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Based on the information available above I think the solution below should work # Number of unique orders per seller a = pd.pivot_table(df, index = ['seller_id'], values = ['order_id'], aggfunc = {'order_id' : pd.Series.nunique}) # Products that are being ordered the most per seller # Products that are being ordered the most in general b ...


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Yes you definitely can. Here's an example: Using Convolutional Neural Networks to Classify Hate-Speech The authors used classic embeddings concatenated with a vector of size 28 representing the presence or not (in a tweet) of each letter of the alphabet (26) plus any digit (1) plus any other symbol (1). So basically for a tweet like 'I love NLP!' the ...


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A decent simple approach is: Label some data, either manually, or by applying rules to get some unreliable labels with something like https://github.com/snorkel-team/snorkel Build a model. Assess which outputs are least certain with something like https://github.com/modAL-python/modAL Label those manually. Repeat.


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You created the labels using the data. If you are able to label them with the data, then why do you need a machine learning model? It simply becomes a rule based classifier. What you would like to do, is to find a function that fits your data points. For example, if you run a decision tree classifier, then it's going to find perfect splits based on your ...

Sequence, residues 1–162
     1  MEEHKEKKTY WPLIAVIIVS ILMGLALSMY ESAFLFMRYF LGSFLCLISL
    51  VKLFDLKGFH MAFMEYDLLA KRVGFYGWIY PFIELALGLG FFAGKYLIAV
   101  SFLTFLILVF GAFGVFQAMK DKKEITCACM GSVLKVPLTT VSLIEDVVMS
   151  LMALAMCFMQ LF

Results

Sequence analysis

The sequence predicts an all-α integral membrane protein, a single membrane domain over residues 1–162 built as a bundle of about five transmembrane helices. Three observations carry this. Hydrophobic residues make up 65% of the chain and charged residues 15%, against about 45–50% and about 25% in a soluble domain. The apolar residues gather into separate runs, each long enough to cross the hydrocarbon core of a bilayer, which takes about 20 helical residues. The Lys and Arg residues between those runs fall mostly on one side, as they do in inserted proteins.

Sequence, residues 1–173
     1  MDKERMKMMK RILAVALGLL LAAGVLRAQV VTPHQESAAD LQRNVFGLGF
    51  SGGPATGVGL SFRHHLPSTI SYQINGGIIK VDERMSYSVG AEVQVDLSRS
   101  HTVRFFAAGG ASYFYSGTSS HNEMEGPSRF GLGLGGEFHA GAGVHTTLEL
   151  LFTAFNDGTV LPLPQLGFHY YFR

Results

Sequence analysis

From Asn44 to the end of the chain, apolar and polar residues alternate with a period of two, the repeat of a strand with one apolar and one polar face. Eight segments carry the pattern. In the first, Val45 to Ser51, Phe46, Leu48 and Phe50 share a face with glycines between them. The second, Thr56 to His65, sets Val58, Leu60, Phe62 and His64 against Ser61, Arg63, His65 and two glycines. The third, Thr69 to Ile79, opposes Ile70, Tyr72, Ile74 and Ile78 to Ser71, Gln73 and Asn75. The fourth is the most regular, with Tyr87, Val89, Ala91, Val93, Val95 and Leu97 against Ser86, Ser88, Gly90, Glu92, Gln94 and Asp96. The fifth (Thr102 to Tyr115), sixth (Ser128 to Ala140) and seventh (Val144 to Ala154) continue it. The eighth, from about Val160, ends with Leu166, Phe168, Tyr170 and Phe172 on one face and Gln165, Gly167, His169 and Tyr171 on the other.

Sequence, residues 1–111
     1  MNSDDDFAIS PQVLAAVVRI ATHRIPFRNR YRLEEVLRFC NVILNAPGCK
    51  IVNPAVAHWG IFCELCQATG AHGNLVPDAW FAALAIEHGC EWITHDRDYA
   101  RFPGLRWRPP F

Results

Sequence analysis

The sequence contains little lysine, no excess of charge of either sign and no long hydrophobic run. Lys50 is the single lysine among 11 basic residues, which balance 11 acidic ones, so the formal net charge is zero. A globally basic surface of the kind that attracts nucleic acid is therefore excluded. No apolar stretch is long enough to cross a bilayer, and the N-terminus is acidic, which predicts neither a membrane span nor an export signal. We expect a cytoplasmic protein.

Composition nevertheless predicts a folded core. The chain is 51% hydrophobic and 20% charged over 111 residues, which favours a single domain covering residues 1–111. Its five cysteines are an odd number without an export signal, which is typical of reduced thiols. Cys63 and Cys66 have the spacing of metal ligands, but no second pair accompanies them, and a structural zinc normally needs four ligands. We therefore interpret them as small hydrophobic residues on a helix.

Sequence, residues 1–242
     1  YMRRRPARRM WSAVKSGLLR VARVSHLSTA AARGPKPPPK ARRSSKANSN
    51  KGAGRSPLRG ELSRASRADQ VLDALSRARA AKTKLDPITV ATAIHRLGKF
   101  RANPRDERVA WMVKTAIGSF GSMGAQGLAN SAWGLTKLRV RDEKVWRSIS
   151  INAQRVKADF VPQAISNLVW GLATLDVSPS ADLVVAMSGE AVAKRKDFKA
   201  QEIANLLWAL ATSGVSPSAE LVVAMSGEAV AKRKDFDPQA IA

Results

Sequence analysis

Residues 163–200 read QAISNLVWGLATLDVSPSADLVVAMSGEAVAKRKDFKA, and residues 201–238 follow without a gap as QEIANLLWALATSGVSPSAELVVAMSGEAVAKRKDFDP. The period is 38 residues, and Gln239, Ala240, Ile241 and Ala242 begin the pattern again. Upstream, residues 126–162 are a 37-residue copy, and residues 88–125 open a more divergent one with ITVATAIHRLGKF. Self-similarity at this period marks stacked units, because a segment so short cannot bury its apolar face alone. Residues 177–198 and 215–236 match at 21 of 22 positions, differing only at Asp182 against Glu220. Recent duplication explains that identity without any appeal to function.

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But I read that during model building process, features that were used to create the labels will have to be excluded because they might result in perfect separation of classes and model might fail? No, just because an expert used them does not mean that that feature only hast to be helpfull or not. If that was the truth than you could write a couple of if ...


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What you are doing is right. You can build a ML model using this. In your case your input and output are correlated. Consider the salary of an employee wrt his experience. These both are related and sometimes used to derive salary based on experience. What you might have read is if one feature is used to derive other feature and dont use both features, ...


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1) I have two classes (Admitted & Not-admitted) 2) Around 25 input variables 3) Run a logistic regression (Statsmodel logit or Scikit-learn?) Do we always have to predict the outcome class to know the risk factors that lead to admission/hospitalization? 5) Then identify the significant risk factors based on p-value. Not necessary, you can just perform ...


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I took a look at that link. It's pretty informative. As you already know, The cut function is used to specifically define the bin edges. There is no guarantee about the distribution of items in each bin. In fact, you can define bins in such a way that no items are included in a bin or nearly all items are in a single bin. The qcut function is slightly ...